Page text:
Newspaper Page Text
VOL. VI?NO. 211.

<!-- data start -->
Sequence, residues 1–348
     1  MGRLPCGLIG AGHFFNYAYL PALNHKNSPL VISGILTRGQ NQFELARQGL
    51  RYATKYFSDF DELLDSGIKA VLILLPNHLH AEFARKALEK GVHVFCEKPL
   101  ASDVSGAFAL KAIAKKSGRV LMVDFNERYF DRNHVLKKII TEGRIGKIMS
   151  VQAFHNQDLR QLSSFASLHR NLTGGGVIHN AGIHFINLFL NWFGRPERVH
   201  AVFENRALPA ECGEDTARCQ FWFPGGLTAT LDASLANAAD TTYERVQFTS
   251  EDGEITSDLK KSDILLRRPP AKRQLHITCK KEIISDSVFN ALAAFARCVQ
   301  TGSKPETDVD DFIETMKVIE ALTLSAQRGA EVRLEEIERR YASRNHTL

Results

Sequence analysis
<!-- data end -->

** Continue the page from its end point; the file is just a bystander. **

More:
Side band suitiugs, closing price, 7c j yard Outing cloths in beautiful patterns, it 8 aud 10c a yard. Flannelettes in new and stylish > itterns at 12ic a yard. Dress ginghams, 5, S and 10c a yard. A few pieces of Scotch ginghams at i?Hi, worth 25c a yard Still a ew challies at 4c and Cic a y-.rd. Also a few more pieces of checked :n >hair at 25c a yard. Mohairs in a'.l shades at 25, 37i aud 5 '?? a yard. White goods in all the newest ma -.?rials and at lowest prices. <9 A special bargain in pure Turkey i table covers, S-4, 75c and 3 10 SHc P :ch. Table linens, towels and napkins in : iless variety, and at prices that defy competition^ Another case of white bed quilts at ; each. Indies' and Gents' underwear and ?siery in great assortment and at ? rtoui prices. Large stock of bleached and un ?' iched cottons and sheetings in all vhlths. -liildrens white lace hats and caps . un 15c up. Pans, Fans, Faus, Fans, from 2c up. SNYDEE. H?SSLER 4 MACBAE 104 SALEM AVENUE, S. W., ROANOKE, - - - - VIRGINIA. scon i RIVES. REAL ESTATE Agtfsj 103 JEFFERSON STREET, Roanoke, Va., OFFER THE FOLLOWING loo ft. on Albermarlc Street.. $1,900 60 rt. on Franklin Road. . . , . 2,200 A Choice Cor. on Mountain St.. 3,G00 103ft.onRoanoke 8t.(fineshade) 5,000 Fine Residence on Jefferson St. 9,500 A rare bargain in an entirely new residence in Hyde Park. House contains Hot and Cold Water, Stable, Coal and Wood House. Will make terms to suit purchaser. We have the cheapest busi? ness and residence properties in the city. Correspondence solicited SCOTT & BIS. ROANOKE. BUILDING ? COMPANY E. H. STEWART, President. H. G. OOLE, Sec. and Treas. J. F. BARBOUR, GenU Manager. CONTRACTORS & BUILDERS. Office with gray & Boswbll, Jef? ferson Street. Large Brick Buildings a Specialty. Homes built on easy payments. Pat ronage solicited. Estimates cheer? fully furnished on application. J. F. BARBOUR, GENERAL MANAGER. je Ente Iii and Dnprovement Ca Notice to Contractors. Sealed proposals will bo received by the engineer of the lloauokc Land and Improvement Company until 2 o'clock p. m., of August 20th, for the grading, steam roIUug (steam roller provided by company), gutters, macadamizing, lay? ing of gas and water mains, timber culverts, etc., on the extensions ol Jefferson and Walnut streets, in the city of Roanoke, ^a. Profiles and specifications may be seen at the of? fice'of the company, No. 11 Campbell street, s. w. The company reserves the right to reject any aud all bids. J. C. RAWN, Engineer. aug9-12t "notice. At Cost t9 hi Mm. I will oiler my entire stock of DRY GOODS, BOOTS AND SHOES AT PRIME COST TO DISCONTINUE BUSINESS. F. G. MAY, 142 FIKST AVENUE, S. W. AT COST. AT COST. aug-9 2\vks L. F. BURKS, Practical Plumber GAS aud ST KAM FITTER. ?:o? And dealer in all kinds of Plumber, Gas and Steam Fitters' Supplies. Prompt Attention to Orders, and Satisfaction Gu tiranteed. 715 Main Street. LYNCHBURG, VA. 115 Commerce Street, ieI-2-uuio ROjANOKE, VA. H. ffl. LINNET, SIBERT & CO. Real Estate Agents, Moomaw Block, No. g. We have a line list of property from which to select. In location, price and terms, we hope to suit all. If you have PROPERTY To sell or exchange, call. Best of references given. junlG lm EM I CHALK Still keep the largest assortment of HARDWARE In Southwest Virginia. They Hiave just received a largesppuly ?OF? Lap Robes. Horse Covers Breech Loading Guns, ?and? Sporting Goods. Miner's and Railroad Supplie A Specialty. 17 and 19 Secoud Street, southwes HOLLINS INSTITUTE, VIRGINIA. For the higher education of young ladies, equipped at a cost of *0,1)00, employs 25 officers and teachers, 7 of whom" are male professors, of both American and European training. Languages, Literature, Science, Art, Music, Elocution, etc., are taught under best standards. For nearly a half century it has commanded public confidence without distinction of re? ligious beliefs. 1,200 feet above sea level, and surrounded by picturesqu? mountain scenery, it enjoys the fur? ther advantages of mineral waters and a bracing mountain climate. At? tendance last session 209 from 18 states. The 48th session will open September 17th. P. O. and Station, Hollins, Va. CHAS. H. COCKE, jy25-tf Business Manager. EMM 5 BROS.. man ufa ct ubers op TIN AND SHEET-IRON WARE, and dealers in all Mads of COOKING and HEATING STOVES, -?o Plumbing and Gas-Fitting, Roofing Spouting and Jobbing, -o 19 Saleu. Avenue, ROANOKE, VA anS 6m YOUNGE. Architect and Superintendent Roanoke, Va. Room 8, Didier ?uild 'ing. AU classes of pnbitc oaft private buildings. Artistie interior worjir.and decoration a specialty. jy4"tf KOANOKE AT ? COST For 30 Da vs. OUR ENTIRE STOCK OF ; Consisting of Foreign and Domestic DRESS GOODS, Ginghams, Satines, Chall/es, Bleached and Unbleached [ Cottons and Sheetings, etc. WILL BE OFFERED AT PRIME COST FORl\IK NEXT 30 DAYS. i Our Remnant Coun j ter is now ready, where you can select at any Price A Walnut, Ash or Ebony POLE GIVEN AWAY with every pair of Lace Curtains bought to the value ?f ??.oo per pair or upwards. ROSENBAUM BROS 42 Salem avenue. 500 V LADIES TO CALL AT BloiftlliMuFnt AND 0ET 2 Gates Launflry Soap For 5 Gents. C. F. ELOUNT, THE CASH GROCER 154 SALEM AVENUE. THE . -AND? DINING ROOMS Are now prepared to famish meals at POPULAR PRICES, Table boarders can be accommodated and will receive prompt and careful attention. STEAKS, CHOPS, AND ALL DISHES TO ORDER SERVED IN FIRST CLASS STYLE. Cold Lunch Counter attached, where cold lunches are served from 5 a. m. to 12 p. in. Fish, Clams and Game in season a specialty. Fred. Weber. DYEING, CLEANING and REPAIRING Toil will save money by bringing your dirty clothes to be cleaned or dyed aud repaired to me. Chirges moderate. Work first class. E. Walsak, Corner Campbell and Henry street?, Ronnnk?*. Va. tf pARStTHE SIGN WRITER, COR U ner Third ilvenoeand First street N. . nfaWtf , VIRGINIA, TH?RSI FOR A HOSPITAL. ROANOKE'S AND HUMANITY'S CRYING NEED. . IMPORTANT PUBLIC IHSTIf?nON. Interviews with Prominent citizens. Whnl 3Ir. Tlptou T. riNliIiurno H?n AccompIJiilteri? $13,000 rictljfcrt Yl'lmi taJNeeded lor It* Erection. Thai (his city is in need of a hospi Tal no one lias ever taken the trouble to deny. The great majority of the people making up the population of Roa n dee uro strangers here, and so far as the city is c< ncerned, are practically homeless, [f they meet with an ac? cident or become sick* they have no place to go except to the cheerless boarding house,,or hotel, aftd if they have ho friends they are at the ten? der mercies of strangers for all the cure they get. Some two months ago Mr. Tipton T. Fishburno, president of the Na? tional Exchange Bank, proposed that a subscription paper be circulated for the purpose of raising funds for the establishment of a hospital, lie worked hard and succeeded in get tiug $13,000 subscribed by public spir? ited citizens, l>ut his business de? manded hi.-, attention and for the past month but little has been accom? plished in the direction of raising the ?25,000 required to erect the build? ings and furnish them. Mr. Fishburno and the friends of tho proposed institution have not dis paired, however, and intend going to work with greater vigor than ever. They are determined to have a hos? pital in Roanoke. even if it is on a less ambitious plan than was at ?rst in? tended. They say that $23,000 is lit? tle enougb,but if they do not succeed in raising this amount, they propose to proceed in the work with what they already have. "j have a good many reasons for thinking,11 said Mr. Fishburno to a TIMES reporter yesterday, "that the amount wanted will be subscribed. That we need an institution of this kind goes without saying, and 1 in? tend i" do my very best to bring the scheme to a successful termination: During the last few days a number Of prominent men have come to me vol? untarily and said that they would give something, men who when first approached on the subject declined. The numerous ae -ideiits in the city and the absence of any charitable in stitutions doubtless bus had some? thing to do with bringing them to this conclusion; There are a number of people whom I believe will willingly subscribe, but who have not yet been seen because Of their absence from the city. They will be asked as soon as they can !>?? seen and I have no doubt will be liberal in .their donations. In a day or two I intend to go to Philadelphia, where 1 expect to get any number ol shbscribers to the fund. President! Kimball, of I he-Norfolk and Western, has already become a friend of the institution and promises when it is starte..! io build a fence around the property similar to thai around Hotel llbanoke. This will, of course, add a great deal to the attractiveness of the place- .Major Sands is an enthusiastic supporter of the .scheme and is doing a great deal to carry it to a successful conclusion. "Whether or not we succeed in get? ting the requisite amount we intend to.build the hospital, if we can but iret ?5,000 more subscribed. This, in addition to the $13,000 already sub? scribed, will do a great deal toward putting up the building, and. at any rate, will form a nucleus around which in time will grow a_ great and noble institution. But [ do not think, as I said before, that we will have a great deal of trouble in getting the money subscribed, and it will not be loii";. it is to be sincerely hoped, be? fore the institution will be in opera? tion. We intend soon to buy a lot in a convenient locality, and expect to commence work on the buildings some time during the autumn:" Drs. Koiner and Gale are t he rail? road physicians, and have to do with nearly all of the accidents of itoan oke. Dr. Gordon Simmons is con? nected with the office, and does a great deal of the surgical work. Yes? terday afternoon a Times man asked him about the establishment of a hospital in the city. "Need it?'' said Gie doctor. "Well, I should say that we do need a hospital. Roanoke, tailing into consideration its size, has as many accidents as any other, city in the South. This, of course, is be? cause of the large number of iron working manufactories here, and the use of heavy machinery. We should by all means have a hospital here. Only today a case occurred to illus? trate the great need of the city? A man. a stranger in the city, walked into Lyle's drug store just in front of our office. He was well dressed and prosperous appearing, and jnst as he started to ask for what he wanted, he staggered and fell unconscious to the iloor. We picked him up and carried him to the office, where I did all that I could, but the best conch we could oiler was a chair, and there he had to lay for hours before consciousness re? turned. "Now if we had a hospital I would have stepped to the telephone, called the ambulance and in ten minutes the man could have been undressed and in bed attended by trained nurses. This is only one of the hundreds of cases that come to our notice, and we see more than ihe majority of people the need of such an institution as is proposed. Roanoke should have it by all means."' Councilman Jas. A. McConnell, gen? eral foreman of the Machine Works, has had more experience with acci? dents than most of men. "I certainly tviVtilfi like toteu the hospital estab? lished," said Mr. McConnell, "and I think that it is one of the great needs of the city. What we want is to have the buildings erected. The support of the institution will be taken care of. Now Altoona, my old home, is like Roanoke in every respect. It is an iron town aud it has a hospital of which it may well be proud. The ladies take the greatest iuterest in it and keep it supplied with a great many delicacies. They also look after the patients in other ways. Old linen, usually thrown away, is sent to the hospital. It makes the best possible bandages and everyone does all they can to make the patients comfortable. The physicians of the town charge nothing for their services and' take turns in visiting. Five will go one week and five another and then every week all of them will meet at the hos )AY MORNING, iUGt pital and consult over the more diffi? cult eases. I siucerely hope that the amount wanted will he raised. A hos? pital is something that Roanoke needs as much as it needs anything.1' TUE HOAVOKE TIMES Puts lip it STew Ooifi-I.ettcretl Sljin Forty Fe?! In EeiiKtu. Half a dozen men with ropes and pulleys were busy yesterday afternoon putting the now sign of Tint Roa? noke Times in place on the building which is to be the future home of the company, corner Third avenue and First street s. w. The sign is the largest and finest iu the city. It is forty feet long and bears the inscription, The Roanoke Times, in plain gold loiters on a black back ? ground. The sign fronts on First Btreet and occupies nearly the en ire length ! of tht? buildiug between the second j and third story windows. The work j was done by \V. A. Carr of this city. [ and is a model of excellence in every ' respect. Workmen were also engaged yester ! day in cleaning away the sidewalk in front of the building preparatory to [-laying a stone pavement. It is ex? pected that the business office of the company, now at 110 Jefferson street, will be moved into its handsome new apartments ou the first floor of the building on Friday or Saturday. WOMEN'S HtSMlOXAKY SOCIETY. j Interesting Sewtlon Tc*terday-j-R? eoptioil ul .13 rs. I?. I,, Terry*?. The seventh annual convention of ! the Woman's Ho a ? Foreign Mis? sion Society, of the Lutheran Church of Southwest Virginia Synod, held its first business session in the Second Lntlit'rat:Church >e?ierdav morning. President, Mrs. Dr. L. A. Fox, of Salem, being absent, the viee-prcsi j dent, Mrs. Bringman, presided. The rime was occupied with reports of the delegates from auxiiliary societies, the treasurer's report, and numerous points of minor interest, also a most interesting address from Mr. J. I. Goodman, missionary-elect to Japan. Mrs; Dr. Fox arrived yesterday morning and presided over the after? noon meeting, which was very inter? esting. Several topics were discussed, but must of the session was taken up by a discussion of how to raise inci? dental expenses by the auxiliary societies. A new executive committee was elected as follows: Mrs. Dr. Fox. of Salem, president: first vice president, Mrs. Rev. J. J. Scberrer, of Marion: second vice' president, Mrs. Brings mam,of lt>>;inoke;third vice president, Miss Jffapy McCiaunahan. of Salem: recording secretary. Miss Dora Phle gar, of Jacksonville: corresponding secretary, Miss Fannie Yonce, of Wytheville: treasurer, Mrs. F. L. Terry, of Roanoke. ?JAn elegant reception was tendered tiie delegates and visitors, those who are entertaining them, and the choir of the Second Lutheran Church, by Mrs. P. J.. Terry, at her residence on South Jefferson street last .night. The spacious aud handsome parlors of her elegant home were brilliantly lighted and beautifully decorated for the occasion, and presented an at? tractive scene. An elegant collation was served, and Mrs. Terry, the charming hostess, made everyone feel at home. The following were present: Ucv.andMrs. Unshod!, Mr. and Mrs. .1. It. Terry. C. t). Keffer; Miss May Schcror, Mrs. Wm. McCuulcr. Miss EHn Gm&arger, Miss Fan? nie Yonce. M.-s. J. (;. Hrinirtimti. Mis*Sarah r.ukcns. Mrs. Dr. L. A. Fox, Miss Ella Browm, j Miss Kate Coppenuaver, Mrs. Dr. Sherri U.Miss f.lz/ie Culey. Mts.lt. f.. Sutherland; Rev.W". II Hulilx.Tr. r. it. Wert/, C. Markier; Mis. r. Marklcy, Mrs. e. D. Keffer, Mr. G. X. Crabtree, Miss Laura Cannaday, MissLnla Hibold. Miss Marj"'Diddle. Miss Floronce Hnbbcrt, Mr. G. w. McCianahan, Miss Josie Itembanrer, Mr. W. F. Maker, Mr. E. IT. Kuhn. Rev.J.A.Huf ford. Miss Manne EfUntrcr, .Mi? Dora Pblcgcr, Mrs. I-'. T. Uakcr, Bev. w. P. Huddle, Mrs. J. G. Brown, lion. I!. S. Trout, Mrs. Dr. K?ster. Mr. J. t.G.Iman.ltev.Geo.T.Gray,Miss Sal lie Wassani, Mrs. w. E. 11ubborc Today will be the last day of the convention, and moaning, afternoon . and evening sessions will be held. , Services will be held at the Second Lutheran Church this evening. Sev? eral more delegates arrived yesterday. oil"lor Soutli America. II. A. Rives, of the well known real estate firm of Scott Si Rives, leaves this morning for a trip to South America in'tbe interest of the Inter? national Cigarette Co. He will sail from Newport News on Saturday by the Alliance, of the New York and Brazilian steamship line. He will go first to Rio Janeiro aud from there proceed to Buenos Ayres, rheuce probably to Montevideo, re? turning home by San Francisco. The ocean voyage will take about twenty four days aud Mr. Rives expects to be absent from four to six months. The company which he represents has a capital of $22?,00f, the greater part of which is held in Roanoke. Mr. Rives will travel alone ou the ocean trip, but when be gets to Rio he will employ an interpreter. While away he will also do a little advertising for Roanoke. X Clover Swindler, The Earl House, on Salem avenue, was victimized the other day by a young rogue giving the name of Eui mett Grover, who engaged board there last week. He claimed to be a plasterer! Monday night lie left with? out settling his bill or announcing his intentions. There is a strong pre? sumption that he intends to camp out, for he took the bed clothes of his room along with him. The police are looking for him, but he is sup? posed to have left the city. Ifc Disobeyed Orders. J. H. Dattenhoffer, who fell from the window of 103 Railroad avenue Sunday morning, was up and around Tuesday contrary to the orders of his physicians. As a consequence he is now threatened with inflammation of the brain, and is confined to his room. His condition is regarded as danger? ous._ Itonnoke Will bo Represented. The twenty-first annual session of the Medical Society of Virginia, of which Dr. Oscar Wiley, of Salem, is president, will meet at the Rockbridge j Alum Springs on Tuesday. September 2,1S90, and continue in session Wed? nesday, Thursday and Friday. The Regninr Won. Dv United Press. Charleston', S. C, Aug. 20.?The Democratic convention in the First Congres?ional district yesterday nom? inated W. H. Brawley for Congress. Brawley received 32 votes against 13 cast for H. H. Meetz, alliance. Gross earnings of eighty-eight rail? roads for the fourth week in July were $0,1'J'J,030. For the month of July the railroads earned $83,518,474, against ?35 350,124 last year. fST 21, 1*90. BRENT YS. BRENT. SUING FOR THE CUSTODY OF HIS DAUGHTER. MR-B?ENT APPEARS AS PLUUTIFF. The Demurrer Overruled mid the ('use ou Trial-WIIcicshpn lor the Prosecu tlbncd Examine*! and CroHM-Exmn* ined-The J?efcn*e, Ttie suit of J. P. Brent for the pos? session of bis two-year-old daughter, which his wife, who has separated from him, has retained, was begun yesterday in the Hustings Court be foro Judge Robertson. A few years ago Miss Willie A. Bowles, daughter of W. H. Bowles, and J. P. Brent, a young contractor, were married. Ah time wore on trouble arose, and last spring Mr. and Mrs. Brent sepa? rated, Mrs. Brent going to her fath? er's. Soon after this she inst ituted suit for divorce, but failed to show sufficient reason. Then Mr. Brent sued for possession of his child. The case came up in the Busting Court last week, but was postponed on account of the absence of witnesses. The hearing was com? menced yesterday morning. P. Lockett, Esq., counsel for the plaintiff, read the petition, setting forth the grounds upon which the suit wa3 brought, and asking that Amelia 1). Brent, daughter of the petitioner, be" delivered to his care. ti. W: Hansbrough, nounsel for the defendant, read the answer to the petition, which declared the plaintiff unfit to rear the child, and entered a demurrer, which the conrt ovc-rfded. The first witness was Mrs. M. L. Brent, mother of .J. Pi Brent. Nhe knew nothing of the separation of her son a nd his wife, except what she had heard. She had raised twelve children and was willing to take care of her son's child and treat it as her own. she had never entertained any but kind feelings toward Mrs. Brent, and that her doors were open to Mrs. Brent, even if she should want to make her home with her. She thought her son more able to provide for the child than its mother, and that he had a home at her bouse, should he choose to return there. Being cross examined, she said that ber husband's property consisted of COO acres of land besides personal property; that no one was depen? dent on him, and that she and her husband lived alone. Her sou left homo more than five years ago: went" to Texas and stayed two months; re? turned home, and came to Roanoke, where he has been since. He had given her no trouble until this affair. She had not encouraged the suit, but to d her son she would care for the child if he was successful. When asked by Judge Williams, counsel for defendant, if she considered herself better qualified fco reai^Upe child than its own mother, Mrs. Brent replied thai she thought all old people better qualified for raising children than young.people. Judge Williams tried repeatedly to get a direct answer "yes" or "no," to this question, but the above was all he could elicit. Mrs. Brent sai ! that she had seen her son have one fit, but that he was per? fectly harmless. The next witness was Dr. Childress, who testified to the social and finan? cial standing of the Brent family. He never saw plaintiff take a drink or under the influence of intoxicants. Cross-examined, Dr. Childress said he had known plaintiff about live vears, bur not intimately, and that be knew nothing of his habits or moral character. Dr. Jones testified that he has been i practising physician in Roanoke for two years; that during that time he has been plaintiff's family phy? sician; Plaintiff had asked him to attend his wife since the separation, which he refused to do, as he .did not know whether it would be agreeable to Mrs. Brent's parents. Plaintiff seemed affectionate towards his wife, and never refused medical attention when needed. He knew nothing of plaintiff's business. Plaintiff was subject to epileptic tits that rendered him unconscious but. not dangerous. When questioned as to what causes epilepsy, witness said that there are different causes and that anything that excites or depresses the nervous system aggravates the disease: that he had never seen plaintiff driok, but had warned him against intoxicants. Albert Martin testified that he had known plaintiff for five years, but knew nothing of his financial stand? ing: that about the first of March he sarried a note and some photographs r>f the child, from plaintiff for Mrs. Brent, to Mr. Bowles; he was met at the door by Mrs. Bowles, who refused to take the notes or pictures. Witness said be would recognize the note. Mr. Locket handed him one, which he read, and said that the contents were simi? lar to the one carried by him. The date was June 28, and witness said he was not positive as to whether this was the same note. Tho note was about some photographs of the child. Witness had carried several messages from plaintiff to Mrs. Brent and her father, but had never seen Mrs. Brent at her father s house. Being cross-examined, witness said that plaintiff had received letters from a Miss Templeton, of Fairfield, and that the first letters were aboutja house plaintiff thought of renting; that he went with plaintiff to Fair field to a lawn party; that they stopped with Miss Templeton and had a good time; that afterwards plain'.iff received letters from Miss Templeton; Mrs. L. T. Hovey testified that she bad lived here ten years; lived at plaintiff's with her husband, and kept house for three months since the separation, and that plaintiff was kindly disposed towards his wife and child. Cross-examined, witness said that Miss Vaughan, of Texas, acousin of plaintiff, visited him during her stay at his house; that Miss Temple? ton, of Fairfield, went with a yobng lady of this city to visit Miss Va$rhan and remained three days; that she was the only lady of the house and had invited'Miss Templeton, although she was totallv unknown to her; that she left plaintiff's house in May. George Wright testified that he had known plaintiff five years, and re? garded him a fit person to care for a child; had seen him take a drink, but had never seen him drunk; knew nothing of his financial standing, ex? cept that he owed witness., having got behind with him a year ago, say? ing that he was hard up and would pay when he could. " T. L. Bell said that he had sup posed plaintiff and his wife lived to Pi gether agreeably; knew nothing of plaintiff's financial standing, but In seemed to be industrious, and thought him a fit person to rear the child: knew nothing of plaintiff's efforts to see his child, but had seen him at Mr. Bowles' gate and talking with Mrs. Bowles. He knew nothing of Mrs. Bowles' disposition, but thought she was high tempered and harsh; had heard her speak harshly to her own children from his house. Witness was never in Brent's house before the separation, but said that he and his wife, whom witness saw daily, seemed affectionate within a week of the separation. Witness said that plain? tiff seemed depressed on account of being deprived of seeing his child, and would frequently cry over it. Mrs. T, L. Bell testified that she did not regard Mrs. Bowles as a suit? able person to rear the child. The remainder of her testimony was in substance about the same as that of her husband. The case of the plain? tiff was rested here. Dr. Crozer, Mr. T. T. Fishburne, a tobaconist and banker, and Mr. S. P. Hunter, all testified that plaintiff's reputation for tiuthfulness and mor? ality is bad; that he has no credit, and is badly in debt. All regaaded him as unsuitable to have the custody of his i child. j Mr. W. A. Pattie agreed with other I witnesses as to the character of plain t tiff, having personal knoweldge that j this estimate of his character was cor-! I rect. He testified that plaintiff had j remarked to him that he didn't care ' for the child, but wanted it to get its : j mother back. Witness regarded plaintiff, of all men, most unfit to rear the child, and considered the Bowles family a most suitable place. Testimony was introduced by Jas. | Wigington and S. F. Fuquay. "shr.w ing that plaintiff had been "unfaith-1 ful to his wife. Jas. Wigington testified that plain- j tiff owed him for the hire of the car-1 ringe used at his wedding. M. P. Hunter testified that he had ! taken plaintiff home drunk and had! seen him drunk since the trial of the' divorce suit. Several witnesses testified that they had never heard a word in favor of I piiintiff except what they had heard from the witness stand. Major A. L Pitzer. tax collector, testified that Mr. Bowles owns a con? siderable amount of real estate in the city, but that Mrs. Brent had no property so far as he knew. Here the court adjourned until this morning at 10 o'clock. NO ACTION OX THE FORCE BILL. Senator Hohr Speaks in Favor of It* Passage-cither Legislation. By United Tress. Washington, Aug. 20~The Senate today passed the resolution to limit debate on tariff bill and to begin voting on the election bill on Septem? ber 4th, was taken up. Mr. Hoar made a long speech in favor of taking up the election bill in accordance with the resolution. During Iiis re? marks he was inrerrupted by Mr. Pugh, who said that his remarks when the election bill was^ reported to the Senate were not iofi Jcd-'rfftthreat, that blood-shed \> .<^> ;an at? tempt was made to eiAV ^ -\biii. He simply made that predict....... Mr. Hoar said the measure was not a sectional one. It could be applied to the North as much as the South. Corruption existed in large Northern cities. The bill aimed to remedy this as much as Southern intimidations. A majority of the people of the United States believe firmly today that for fourteen years the House of Repre? sentatives had been an usurpation, and that for four years a usurper had sat in the executive chair of the na? tion, and yet when it was sought, to transfer the ascertainment of the will of the people from sucli prostitution to the courts, the friends of the bill were met by the cry that they were raising a race issue and that this was a force bill. Mr. Frye spoke in favor of passing the election bill as did Mr. Hitcock and Mr. Edmunds. The Senate then took up the tariff bill. Mr. Daniel spoke on the amendment relating to cutlery. In the House the alien land bill was laid on the table by a vote of fifty to t?venty-five. The House adopted a resolution calling on the president for information concerning the enforcement of the Russian edict against Jews. The Senate bill pro viuing for inspection of meats for ex? port was taken up and passed. The lard bill was debated without action. Rase Ball Games or Yesterday. By United Press. American Association: At Colum? bus?Columbus, 9; Brooklvn, 2. At Tolpdo?Toledo, 7; Syracuse, 0. At St Louis?St. Louis, 5; Rochester. 5. Called at the end of tenth inning on account of darkness. Atlantic League: At New Haven New Haven, 2; Harrisburg, 0. National League: At Boston Boston, 5; New York, G. At Brook? lyn, first game ? Philadelphia, 2; Brooklyn, 13; second game, Phila? delphia, 7; Brooklyn, 12. Players' League: At Philadelphia ?Philadelphia, 4; Brooklyn, 7. At Pittsburg?Pittsburg, 8; Cleveland, 12. At New York?New York, 9; Boston, 3. At Buffalo, first game?Buffalo, 6; Chicago, 2; second game, Buffalo, 7: Chicago, 0. c Oflieers of the Alliance. Special to The Times.? Lynchbcrg, Va., Augnst 20.?The Farmers' Alliance today elected the following officers for the Jensning year: President, Mann Page, '-' of Prince George-, vice-president, J.* B. Beverly, of Fauquier; secretary, J. J. Silvey, of Rappahannock; chaplain, Rev Aldridge Grumsly, of Madison; lecturer, Robert Suaveriy, of Wythe; assistant lecturer, J. R. Garland, of Mecklenburg; executive committee, George Chismau, of Rockingham; Julian Ruffner, of Hanover; Robert Beverly, of Essex; H, M. Magreider, of Albemarle, and W. J. Compton, of Bland. Major Mann Page, Robert Beverlv, G. Q. Barber and Georg* Chismau were elected delegates to the national convention. A Magistrate Assassinated. By United Press. Louisville, Ky., August20.?Rob ert Pope, a magistrate, was fatally shot- by two brothers named Scott, near Harlem Courthouse, Monday. The quarrel arose because the magis? trate refused to try one of the broth? ers for the shooting of an ox belong? ing to him. He ordered the prisoner to be taken to Harlem for trial. Scott refused to go, and the magistrate insisted. The Scotts escaped. ?f???i ? Selecting a piano or organ is some? what likeselecting a w ire?practically a life time affair. Therefore be sure you get a good one. None bnt old I established standard makes of instru? ments a^ersoTiVby +.be Hobbie Music Co LFnchburg, "V^* They never toxicli ?fcoddy, gTafc* gffcjfis. Cafa i . ,ga>u. FLYING HORSES! THE RACE PROGRAMME; FIXED FOR OCTOBER. THREE DAIS OF GOOD RAM, Thirteen Events on the t'iu'd?-??82.?0O.' in I'tirxen to he Divided?TU* Stable* und, Grand stand to he lirectcd nt Once. The directors of the Mel rose DrlW ing Park Association "met yesterday morning at the ollice of President "V?-. F. Winch and accented the programme arranged for the fail meeting Dy-th?-^l executive co/nmittee. Messrs. B. It. Greider, C. O'Leary, Henry Stoll, J. F. Christian, J. H. Wingate and W. F. Winch were present. There will be three days of racing, on Wednesday, Thursday and Friday, the 15th, 16th and 17th of October, and;' the arrangements already made in? sure all lovers of good racing that the occasion will be something to be looked forward to. There will be four; races each day, except the last, when there will be five. Two thousand six hundred dollars in moaey will be dis? tributed, and as this city is on the: direct route from the Northern race courses to Nashviile, it is expected that a number of the crack stables now running at Saratoga, Brighton and Monmoutl l will start over. Both Pimlico and Ivy City have been abandoned and Roanoke will be the only stop for the horses between the ' North and the South. Below is given the complete pro? gramme Of the threejla^.Ju^Uuie*w?i -??F?tiT^pay. First race?running: Ladies Stake?,, one and one-half mile heats, purse $150, $100 to the winner, $50 to second;; Second race?Trotting; for horses" owned in Southwest Virginia thirty days before the meeting; purse of. $200, $120 to winner, ?00 to second, and $20 to third. Third race ? Running; one mile dash, purse of $200, $150 to first and $50 to second. Fourth race?Running; gentlemen riders, welter weights, tliree-quarter mile dash for purse of $100, $73 to the first, and $23 to second; half-breed horses are allowed ten pounds. secoxd day. First race?Running; three quarter mile beats, purse $150, $100 to first and $50 to second. *J ? Second race-Trotting; 2IT ilass; for purse of $250, $15') to fin?- (75 to second and $25 to third. Third race?Running; '.""'V^Ant Stakes, one and one-quarterly/ash, for purse of $200, $150 toP0o y andy fifty to second. JL "o/ Fourth race?Runnin^%. felt weight hurdle, one and onfc* ^\ over six hurdles, for puj $100 to first and $50 to sec THIItO DAY. First race ? Running; Stakes, one mile. -'ia&h^. .f-Jr^pTffl5fH0r" $250, $25 to horse at quarter post first, $50 to one at one-half post first, $75. to one at three quarter post first, and $100 to winner; it is possible for first horse to win the entire purse. Second race?Running: five eighths qf mile heats, purse of $150, $180 to first. $75 to second. Third race ?Running: Virginia Stakes, one and a half mile dash, for purse of $250, $175 to first, and $75 to second. Fourth race?Trotting and pacing; free for all; purse of ;? 100, $230 to first, $100 to second, and $-10 to third. Fifth race?Running, three quarter . mile dash, for purse of $150, $100 to first, and $50 to third; for horses only that have run second and not win during the meeting. The association intend to make ex? tensive improvements at the park. A new stable will be erected in addi? tion to the present one. This one ac? commodates but twenty horses, and the new structure will have stalls for at least fifty. A grand stand will also be erected.1 and the architect. J. -.R. Schink. is now at work on the pla'nV -Ltj-will jy^ a neat structure with a seatirfg ca? pacity of fifteen hundred. As soon as the plans are completed, work will be at once begun. Already a num? ber of the finest flyers in the South? west section have been entered, and all the horses running at Lynchburg will be here. The meeting promises to open a new era in the history of th? driving park. The track is con? sidered the finest and fastest haif-mile track in the South. Fcstcrday's Itaceft. saratoga. First race, three-quarter mile?Fore? runner first, Strategem second, Sir Rae third; time, 1:19J. Second^xact,_ mile and a sixteenth?BusteetTfirst, Hoadlide second. Eminence third; time, 1:55*. Third race, three-quarter mile?Kitty Van first, Golden Rod secoud, King Hazon third, time, 1:19*. Fourth race, one and one-sixteenth miles?Young Duke first. Wary sec? ond, Ecstacy third: time, 1:18?. Fifth race, one mile?Birthday first. Major Tom 2, Marie K third: time, l:48f. brighton bkacr. First race, three-quarters of a milo ?Ten Roakh first, Lithbert second, - Monte Cristo third: time 1:10; Second race, three-quarters of a mile ?Lemon Blossom first, Emity filly second, King Idler third; tune 1:18^. Third race, five-eights of a mile Jack of Diamond- first, Yirgiesecond, Ella T third; time 1:0?S. Fourth race, one and one-eighth mi'es?Fitsroy first, Sorrento second, Maid third; time 2:30. Fifth race, one and one sixteenth miles handicap ? Glen mound first, General Gordon secoud, Blantyre third: time 1:51. Sixth race., one and one-half miles on turf?Dela? ware first, Lee Christy second, Stone- . wall third; time 2:?3J. A Virginian Selected. By United Prosa. Saratoga, Aug. 20.?At the thir? teenth annual meeting of the Ameri? can Bar Association today, Jas. Lyon was selected to represent Virginia in General Council.^_ The Centrni Befusos Arbitration. By United Pres?. New York, Aug. 20.?Powderly at? tempted to arbitrate on the strike to- / day, but the railroad company re? fused to make any concessions. The Old Colony Disaster. By United Press. Boston" Aug. 20.?The list of dead from the disaster at Quincy last Digbt numbers twenty. Tho Weather Today. Waseixgton, Aug. 20.?For ' . ginia: Showers; stationary te / ture, except in Southwestern ! cooler.